This is public information and can found by entering his/her name on the Broker Check site: https://brokercheck.finra.org/. Two common licenses obtained to implement investment solutions are the Series 6 and Series 7. If an adviser has his/her Series 6 then they can deal with variable investments (investments tied to the stock markets) but are limited to mutual funds and sub accounts inside variable insurance products.
A Series 7 licensed professional registered with a broker-dealer will be able to offer a substantially wider scope of investments, including individual stocks & bonds, exchange-traded funds, private placements, non-traded REITs, and stock options. The suitability standard applies to those operating under the Series 6 and Series 7 license.
3. Series 65?
What licensure is required by investment advisers (IARs)? Unlike the Series 7 and the Series 6, an individual does not need to be “sponsored” by a broker-dealer to take the required exam. The Series 65 exam was designed by the North American Securities Administrators Association (NASAA) and administered by the Financial Industry Regulatory Authority (FINRA). The Series 65 is an exam and license required by anyone intending to provide financial or investment advice on a non-commission basis. Those advisers passing the Series 65 exam operate under the fiduciary standard.
4. Certified Financial Planner?
Let’s talk financial planning. Where does a CERTIFIED FINANCIAL PLANNER™ professional fit in with all this licensure info? In the realm of comprehensive advice and working across disciplines, the CERTIFIED FINANCIAL PLANNER™ designation is commonly held in the highest regard amongst industry professionals.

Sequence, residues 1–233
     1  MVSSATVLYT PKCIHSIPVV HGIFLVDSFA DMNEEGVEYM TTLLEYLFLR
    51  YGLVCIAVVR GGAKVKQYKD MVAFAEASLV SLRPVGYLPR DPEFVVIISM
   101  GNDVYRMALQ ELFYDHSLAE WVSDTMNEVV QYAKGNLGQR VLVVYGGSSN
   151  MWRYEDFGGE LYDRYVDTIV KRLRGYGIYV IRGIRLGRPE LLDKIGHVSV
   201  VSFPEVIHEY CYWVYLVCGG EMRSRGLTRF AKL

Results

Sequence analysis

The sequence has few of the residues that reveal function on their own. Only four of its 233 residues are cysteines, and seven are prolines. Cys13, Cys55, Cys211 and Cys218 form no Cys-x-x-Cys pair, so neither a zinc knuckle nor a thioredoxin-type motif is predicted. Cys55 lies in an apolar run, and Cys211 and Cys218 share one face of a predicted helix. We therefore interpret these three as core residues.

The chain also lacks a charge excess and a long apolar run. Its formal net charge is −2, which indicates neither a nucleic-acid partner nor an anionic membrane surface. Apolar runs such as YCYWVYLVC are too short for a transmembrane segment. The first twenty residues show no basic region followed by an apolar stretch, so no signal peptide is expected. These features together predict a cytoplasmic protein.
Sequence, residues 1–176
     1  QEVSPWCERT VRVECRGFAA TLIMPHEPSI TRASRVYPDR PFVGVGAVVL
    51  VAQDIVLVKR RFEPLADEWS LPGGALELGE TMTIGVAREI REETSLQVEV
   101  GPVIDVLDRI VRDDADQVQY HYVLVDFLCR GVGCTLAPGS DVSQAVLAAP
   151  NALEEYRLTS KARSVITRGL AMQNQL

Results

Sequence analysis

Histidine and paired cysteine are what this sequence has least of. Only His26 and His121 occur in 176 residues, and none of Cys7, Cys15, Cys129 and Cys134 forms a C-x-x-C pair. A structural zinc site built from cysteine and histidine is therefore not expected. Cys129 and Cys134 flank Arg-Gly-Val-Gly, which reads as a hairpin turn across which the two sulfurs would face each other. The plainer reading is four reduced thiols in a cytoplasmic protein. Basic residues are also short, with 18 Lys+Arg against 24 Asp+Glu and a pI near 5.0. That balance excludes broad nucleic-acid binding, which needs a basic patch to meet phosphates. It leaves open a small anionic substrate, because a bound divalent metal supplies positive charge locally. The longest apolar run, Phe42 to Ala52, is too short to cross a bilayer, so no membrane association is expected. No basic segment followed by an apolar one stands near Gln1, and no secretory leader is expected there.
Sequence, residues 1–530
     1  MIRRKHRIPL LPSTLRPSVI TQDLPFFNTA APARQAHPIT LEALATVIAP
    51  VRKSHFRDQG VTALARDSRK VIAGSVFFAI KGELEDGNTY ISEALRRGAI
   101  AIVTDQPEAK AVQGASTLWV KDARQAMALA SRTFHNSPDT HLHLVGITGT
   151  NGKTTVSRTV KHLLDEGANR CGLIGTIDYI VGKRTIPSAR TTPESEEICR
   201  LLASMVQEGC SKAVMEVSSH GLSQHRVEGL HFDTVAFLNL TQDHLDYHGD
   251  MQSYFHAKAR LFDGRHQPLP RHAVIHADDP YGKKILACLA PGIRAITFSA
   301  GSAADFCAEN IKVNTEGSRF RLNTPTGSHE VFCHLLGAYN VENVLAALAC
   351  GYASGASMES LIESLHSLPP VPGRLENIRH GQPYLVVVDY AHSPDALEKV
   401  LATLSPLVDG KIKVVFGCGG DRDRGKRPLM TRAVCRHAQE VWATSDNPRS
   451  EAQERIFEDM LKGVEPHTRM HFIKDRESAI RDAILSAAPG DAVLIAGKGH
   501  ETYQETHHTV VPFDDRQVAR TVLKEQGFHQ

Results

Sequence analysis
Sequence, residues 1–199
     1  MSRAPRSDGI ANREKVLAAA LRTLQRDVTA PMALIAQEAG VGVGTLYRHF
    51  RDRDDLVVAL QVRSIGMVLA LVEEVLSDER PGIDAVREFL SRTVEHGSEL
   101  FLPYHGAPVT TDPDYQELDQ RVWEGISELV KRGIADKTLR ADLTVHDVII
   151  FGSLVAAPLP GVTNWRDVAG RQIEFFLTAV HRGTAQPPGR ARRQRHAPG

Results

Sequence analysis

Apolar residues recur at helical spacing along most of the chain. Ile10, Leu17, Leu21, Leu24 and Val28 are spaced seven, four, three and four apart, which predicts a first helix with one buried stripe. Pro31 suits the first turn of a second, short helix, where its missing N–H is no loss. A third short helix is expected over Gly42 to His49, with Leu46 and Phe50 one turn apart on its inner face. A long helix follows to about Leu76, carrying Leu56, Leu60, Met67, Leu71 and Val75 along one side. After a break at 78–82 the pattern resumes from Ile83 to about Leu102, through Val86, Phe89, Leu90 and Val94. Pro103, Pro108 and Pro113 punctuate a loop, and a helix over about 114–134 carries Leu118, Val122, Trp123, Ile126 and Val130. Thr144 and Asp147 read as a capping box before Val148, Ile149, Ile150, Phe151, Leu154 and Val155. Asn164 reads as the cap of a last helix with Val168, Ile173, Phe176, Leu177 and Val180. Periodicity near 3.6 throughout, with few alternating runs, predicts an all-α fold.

Becoming a CFP® certificant is one of the most stringent processes and one of the hardest designations to obtain in terms of the financial advice industry. It requires years of experience, successful completion of standardized exams, a demonstration of ethics, a formal education and ongoing continuing education. A CFP® professional active in the practice of charging clients for advice will at least have his/her Series 65 and operates as a fiduciary.
5. Compliance Considerations?
There have been steps taken to curb bias and unsuitable recommendations from FINRA registered representatives. One sweeping legislation was Reg BI, which can be read about on FINRA’s website. These stringent regulations have influenced many advisers to drop their Series 7 and work only as an IAR through an independent RIA.
It is arguable that there is less oversight of RIAs by the SEC or the states, and therefore there are fewer compliance eyes on the recommendations and solutions being offered. While IARs still want to bring advanced solutions to their clients that have traditionally been vetted by a significant due diligence team at a FINRA registered broker dealer, smaller RIAs may not have the financial capacity or legal experience to vet investment offerings as thoroughly.
Be certain to inquire about the legal and due diligence process involved in vetting any specific investment, especially those that aren’t open to everyone in the investing community.
Hiring an adviser with the intention that he/she and their team eventually earn the role of your trusted adviser is an important one. Whether you take the profoundly simple list of questions to ask yourself and the potential suitor or take a much deeper approach, having some knowledge will be helpful and should add value in assisting with your decision.